Since the first volume was released five years ago, the Lexham Bible Guides have become some of our most popular resources. The series has grown to cover the entire Pauline corpus and two volumes on Genesis. Now, two new volumes are on the horizon: Jonah and 1 Peter. Both of these volumes should be released before the end of the year—and now is your last chance to take advantage of the pre-order discount.
The Lexham Bible Guides are designed to do all the work of searching through commentaries, journal articles, and monographs to find the information you need, saving you valuable time by curating all of the best literature in one place.
Get answers to tough questions
The Lexham Bible Guides don’t just present you with raw research data. The curated and annotated notes on the various viewpoints and interpretive options within the text allow you to quickly synthesize a broad range of views on a particular passage. Dense, jargon-filled research is distilled into easy-to-understand comments. Each volume gives you the tools you need to find answers quickly.
For example, the book of Jonah presents a number of interpretive challenges that could be illuminated by a plethora of viewpoints. Let’s look at how scholarship has handled the great fish that swallowed Jonah. Here are three perspectives (among many) presented in the Lexham Bible Guide:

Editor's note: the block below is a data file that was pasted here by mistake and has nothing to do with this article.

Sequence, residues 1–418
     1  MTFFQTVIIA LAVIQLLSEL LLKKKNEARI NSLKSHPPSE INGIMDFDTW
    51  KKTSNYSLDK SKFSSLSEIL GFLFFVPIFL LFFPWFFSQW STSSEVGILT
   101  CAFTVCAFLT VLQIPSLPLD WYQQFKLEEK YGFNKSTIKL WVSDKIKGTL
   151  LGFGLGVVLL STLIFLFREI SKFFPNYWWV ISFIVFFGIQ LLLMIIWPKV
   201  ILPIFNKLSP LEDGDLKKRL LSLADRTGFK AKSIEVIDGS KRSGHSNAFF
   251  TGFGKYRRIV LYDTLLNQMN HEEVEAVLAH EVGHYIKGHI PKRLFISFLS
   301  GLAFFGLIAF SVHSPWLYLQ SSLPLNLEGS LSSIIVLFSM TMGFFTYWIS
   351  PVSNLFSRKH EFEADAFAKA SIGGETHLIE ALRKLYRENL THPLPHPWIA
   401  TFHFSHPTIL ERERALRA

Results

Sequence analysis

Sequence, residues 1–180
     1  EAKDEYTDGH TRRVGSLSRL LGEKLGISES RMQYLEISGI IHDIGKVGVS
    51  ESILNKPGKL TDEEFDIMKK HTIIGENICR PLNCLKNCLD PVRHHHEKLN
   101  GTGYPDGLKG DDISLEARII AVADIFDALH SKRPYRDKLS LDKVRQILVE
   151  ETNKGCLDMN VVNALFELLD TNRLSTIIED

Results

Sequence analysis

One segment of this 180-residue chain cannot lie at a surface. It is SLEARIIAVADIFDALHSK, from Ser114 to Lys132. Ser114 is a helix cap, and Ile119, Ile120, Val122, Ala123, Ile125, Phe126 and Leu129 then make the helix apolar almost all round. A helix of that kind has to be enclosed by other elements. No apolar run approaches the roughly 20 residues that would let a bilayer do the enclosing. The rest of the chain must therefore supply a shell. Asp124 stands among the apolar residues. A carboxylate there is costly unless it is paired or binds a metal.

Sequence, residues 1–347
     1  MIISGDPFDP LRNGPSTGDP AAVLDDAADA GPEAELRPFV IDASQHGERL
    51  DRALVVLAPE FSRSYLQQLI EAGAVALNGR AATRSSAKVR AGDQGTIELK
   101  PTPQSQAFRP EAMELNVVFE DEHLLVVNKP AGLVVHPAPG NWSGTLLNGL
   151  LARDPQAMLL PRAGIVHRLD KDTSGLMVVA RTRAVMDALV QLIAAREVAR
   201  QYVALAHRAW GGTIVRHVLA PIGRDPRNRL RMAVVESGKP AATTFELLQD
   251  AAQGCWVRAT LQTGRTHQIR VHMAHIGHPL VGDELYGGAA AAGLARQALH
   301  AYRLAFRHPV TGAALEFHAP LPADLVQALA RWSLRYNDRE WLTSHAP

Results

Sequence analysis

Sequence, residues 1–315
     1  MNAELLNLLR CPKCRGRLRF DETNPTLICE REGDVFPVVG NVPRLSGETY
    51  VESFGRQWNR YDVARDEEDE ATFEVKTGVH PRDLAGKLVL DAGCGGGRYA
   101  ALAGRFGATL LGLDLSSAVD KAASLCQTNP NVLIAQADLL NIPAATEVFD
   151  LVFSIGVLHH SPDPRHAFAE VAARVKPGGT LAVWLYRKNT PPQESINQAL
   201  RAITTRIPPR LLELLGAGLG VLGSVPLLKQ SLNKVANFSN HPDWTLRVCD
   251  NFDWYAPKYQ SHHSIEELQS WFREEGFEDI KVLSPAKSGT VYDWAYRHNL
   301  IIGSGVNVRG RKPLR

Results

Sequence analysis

- Allen (1976, 213) says God snatches his servant from death’s clutches at the last moment. The fish represents Yahweh’s grace, and the incident demonstrates his power over the sea and its creatures. He considers the significance of “three days and three nights” to be uncertain, though he discusses several proposals. (NICOT: The Books of Joel, Obadiah, Jonah, and Micah)
- Ellison (1986, 374–75) considers “three days and three nights” to be an approximation. He thinks we should ask why God chose the fish and not some floating wreckage to save Jonah: “Miracle is not the gratuitous display of God’s omnipotence, nor is it called out merely because of human need. Taken in its setting, it is probable that every miracle has a spiritual significance hence the use of ‘sign’ to describe it in John.” He contends that, for the book’s original audience, the fish represents Leviathan (see, Pss. 74:13–14; 104:25). The fish itself is secondary, but it demonstrated to the prophet that God’s love is operative in a world under divine control. (The Expositor’s Bible Commentary, Volume 7: Daniel and the Minor Prophets)
- Page (1995, 239–42) discusses why God chose the fish as the way to return Jonah. He seems to prefer the theory that the belly of the fish was a “good place to learn” given Jonah’s awareness of the significance of Leviathan in the Old Testament (Pss. 74:13–14; 104:26). Page considers various options for the meaning of “three days and three nights” and concludes that “no compelling reason exists to disbelieve the literal span of time indicated. In fact, none of the Old Testament allusions of a similar nature are necessarily figurative. The major point is that God, through the fish, could sustain this pouting prophet during ‘unbelievable’ circumstances and return him to the place where he could renew his commission to serve.” (NAC: Amos, Obadiah, Jonah)
We have three perspectives that emphasize God’s sovereign power over nature, each with their own unique analysis on the biblical account. And if you have any of those commentaries referenced in the Bible Guide, you’ll be able to navigate directly to the relevant section in them with the inline links.